Colombes Today the little kid in the street nailed it when he pointed at me and shouted ” look, it’s a phalang!” That’s exactly what I feel like. A guava. Pink-faced, rough bruised skin, slimy with sweat. I feel less human these days and more like a feral wild woman. Even after a shower I feel grimy, my exposed skin stained brown as much from the dust of the road as the sun. My fingers look like they have been dipped in chocolate sauce, a permanent ring of black under the torn fingernails from changing tubes and pumping tires. My hair resembles straw from daily washes with bar soap supplied by cheap hotels. The two sets of cycling clothes I switch between stink of damp from rain and never quite drying overnight.
I feel inhuman, unattractive, the furthest thing from female a girl could possibly feel. When clean, fresh-smelling women pass me in little dresses, strappy shoes and shinning hair, I feel like the mangy, flea-ridden street dog when a well-groomed thoroughbred goes by. Those are the times when I just wish to feel like a woman again. Hell, I’d settle for human!
I stroll back from the 7/11 store with some dried fruit, an icecream and a beer. Back to the solitude of my hotel room and a fan throwing around stifling hot air. I should be completely used to it by now, the solitude.
I steal my mind and tell myself that everything is temporary. I’m cycling the world! What did I expect?
To be honest, I set off without any expectations, because that’s the surest way to ruin an experience. But I did go into it knowing there’d be days like this, when I’d question the whole thing and my motives for doing it, when I’d think the hardships and struggle outweighed the good times. The facebook updates only show the highlights, snapshots of interesting or beautiful moments. The reality of cycling the world are the long inbetween times of tedium, loneliness and dealing with daily challenges.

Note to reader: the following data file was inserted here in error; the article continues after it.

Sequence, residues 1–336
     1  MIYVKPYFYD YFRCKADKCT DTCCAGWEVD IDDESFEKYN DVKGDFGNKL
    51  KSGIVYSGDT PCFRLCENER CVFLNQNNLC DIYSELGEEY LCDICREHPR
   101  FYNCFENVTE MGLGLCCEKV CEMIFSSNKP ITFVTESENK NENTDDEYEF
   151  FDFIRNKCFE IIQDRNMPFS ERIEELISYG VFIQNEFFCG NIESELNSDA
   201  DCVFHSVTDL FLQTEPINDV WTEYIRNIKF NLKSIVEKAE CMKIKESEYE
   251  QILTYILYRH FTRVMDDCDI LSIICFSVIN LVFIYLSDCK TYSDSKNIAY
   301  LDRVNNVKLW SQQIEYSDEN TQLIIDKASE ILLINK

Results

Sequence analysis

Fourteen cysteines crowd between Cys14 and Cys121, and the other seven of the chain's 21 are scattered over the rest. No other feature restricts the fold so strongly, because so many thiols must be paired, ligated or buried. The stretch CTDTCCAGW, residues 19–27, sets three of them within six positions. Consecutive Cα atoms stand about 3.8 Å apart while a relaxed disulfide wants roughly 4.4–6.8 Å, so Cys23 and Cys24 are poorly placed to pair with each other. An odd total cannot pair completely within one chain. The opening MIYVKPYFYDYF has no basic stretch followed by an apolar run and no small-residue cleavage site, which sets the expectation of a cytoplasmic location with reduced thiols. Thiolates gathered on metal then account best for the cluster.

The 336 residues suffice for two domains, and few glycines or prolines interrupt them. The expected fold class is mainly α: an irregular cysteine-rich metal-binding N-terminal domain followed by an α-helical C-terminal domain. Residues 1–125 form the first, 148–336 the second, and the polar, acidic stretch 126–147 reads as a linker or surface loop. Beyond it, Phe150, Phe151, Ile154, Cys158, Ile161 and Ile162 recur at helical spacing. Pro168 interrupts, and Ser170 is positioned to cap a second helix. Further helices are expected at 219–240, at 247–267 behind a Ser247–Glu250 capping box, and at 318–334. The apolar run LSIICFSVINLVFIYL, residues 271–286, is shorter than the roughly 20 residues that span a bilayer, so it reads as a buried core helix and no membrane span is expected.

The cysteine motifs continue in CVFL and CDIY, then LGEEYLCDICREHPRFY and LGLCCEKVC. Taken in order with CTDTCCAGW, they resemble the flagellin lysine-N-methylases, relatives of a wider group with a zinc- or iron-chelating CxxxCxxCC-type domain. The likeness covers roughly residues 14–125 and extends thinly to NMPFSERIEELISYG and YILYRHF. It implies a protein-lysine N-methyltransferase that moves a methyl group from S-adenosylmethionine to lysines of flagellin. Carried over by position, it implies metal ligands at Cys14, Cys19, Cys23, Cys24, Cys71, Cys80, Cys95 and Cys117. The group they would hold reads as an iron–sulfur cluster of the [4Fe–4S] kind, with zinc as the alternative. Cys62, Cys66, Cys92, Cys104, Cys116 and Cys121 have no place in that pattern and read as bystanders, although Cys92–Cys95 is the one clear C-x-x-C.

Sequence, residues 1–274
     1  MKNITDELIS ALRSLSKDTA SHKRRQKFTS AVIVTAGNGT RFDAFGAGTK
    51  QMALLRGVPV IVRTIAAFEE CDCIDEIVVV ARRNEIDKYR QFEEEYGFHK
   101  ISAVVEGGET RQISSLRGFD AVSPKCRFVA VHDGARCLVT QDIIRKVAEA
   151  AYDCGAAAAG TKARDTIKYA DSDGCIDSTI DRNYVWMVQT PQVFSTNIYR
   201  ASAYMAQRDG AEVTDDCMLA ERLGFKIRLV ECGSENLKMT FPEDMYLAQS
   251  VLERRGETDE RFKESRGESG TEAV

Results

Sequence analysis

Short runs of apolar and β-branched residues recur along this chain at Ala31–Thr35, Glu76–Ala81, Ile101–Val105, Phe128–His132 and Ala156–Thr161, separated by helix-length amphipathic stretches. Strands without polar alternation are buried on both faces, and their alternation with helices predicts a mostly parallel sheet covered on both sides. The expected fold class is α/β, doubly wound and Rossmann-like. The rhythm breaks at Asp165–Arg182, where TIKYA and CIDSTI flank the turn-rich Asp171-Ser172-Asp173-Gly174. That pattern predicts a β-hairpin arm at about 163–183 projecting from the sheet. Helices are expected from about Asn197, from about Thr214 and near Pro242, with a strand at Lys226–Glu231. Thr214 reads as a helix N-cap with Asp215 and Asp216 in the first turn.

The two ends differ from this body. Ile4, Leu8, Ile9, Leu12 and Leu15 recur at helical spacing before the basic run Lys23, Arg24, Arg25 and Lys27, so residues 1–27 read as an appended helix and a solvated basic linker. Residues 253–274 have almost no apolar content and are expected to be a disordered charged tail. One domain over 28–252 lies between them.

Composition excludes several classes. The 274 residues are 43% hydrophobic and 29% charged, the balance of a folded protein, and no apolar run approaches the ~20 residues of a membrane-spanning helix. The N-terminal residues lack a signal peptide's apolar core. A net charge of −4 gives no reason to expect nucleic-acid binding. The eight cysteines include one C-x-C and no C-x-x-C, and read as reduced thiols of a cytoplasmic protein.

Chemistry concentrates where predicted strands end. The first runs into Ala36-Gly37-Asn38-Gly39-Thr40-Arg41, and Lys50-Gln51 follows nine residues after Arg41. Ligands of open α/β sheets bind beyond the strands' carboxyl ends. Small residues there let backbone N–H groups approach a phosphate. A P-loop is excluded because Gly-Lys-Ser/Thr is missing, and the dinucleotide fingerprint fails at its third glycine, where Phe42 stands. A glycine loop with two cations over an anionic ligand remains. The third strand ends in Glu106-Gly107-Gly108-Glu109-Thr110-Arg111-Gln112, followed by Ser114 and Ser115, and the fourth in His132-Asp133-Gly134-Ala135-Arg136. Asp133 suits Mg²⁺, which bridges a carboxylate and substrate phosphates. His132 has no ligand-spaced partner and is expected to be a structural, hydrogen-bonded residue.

Every great challenge changes you in some way. When you are forced to tap into your inner reserves of strength, you find out what you are capable of enduring both physically and mentally. Spend enough time alone and you learn a lot about who you are. Without the usual comfort and safety of a familiar environment, the support of family and friends, you have no one and nothing to rely on but yourself. When life is stripped down and minimised like the few belongings you carry, to the absolute essentials, you learn what you are able to do without and what is truly important.
Things always seem worse at night when I am tired and hungry from a day on the road. Morning brings with it fresh courage. This is a test of endurance and it’s true what they say: you are always stronger than you think. I’ve gotten this far. What’s a couple more months in a lifetime?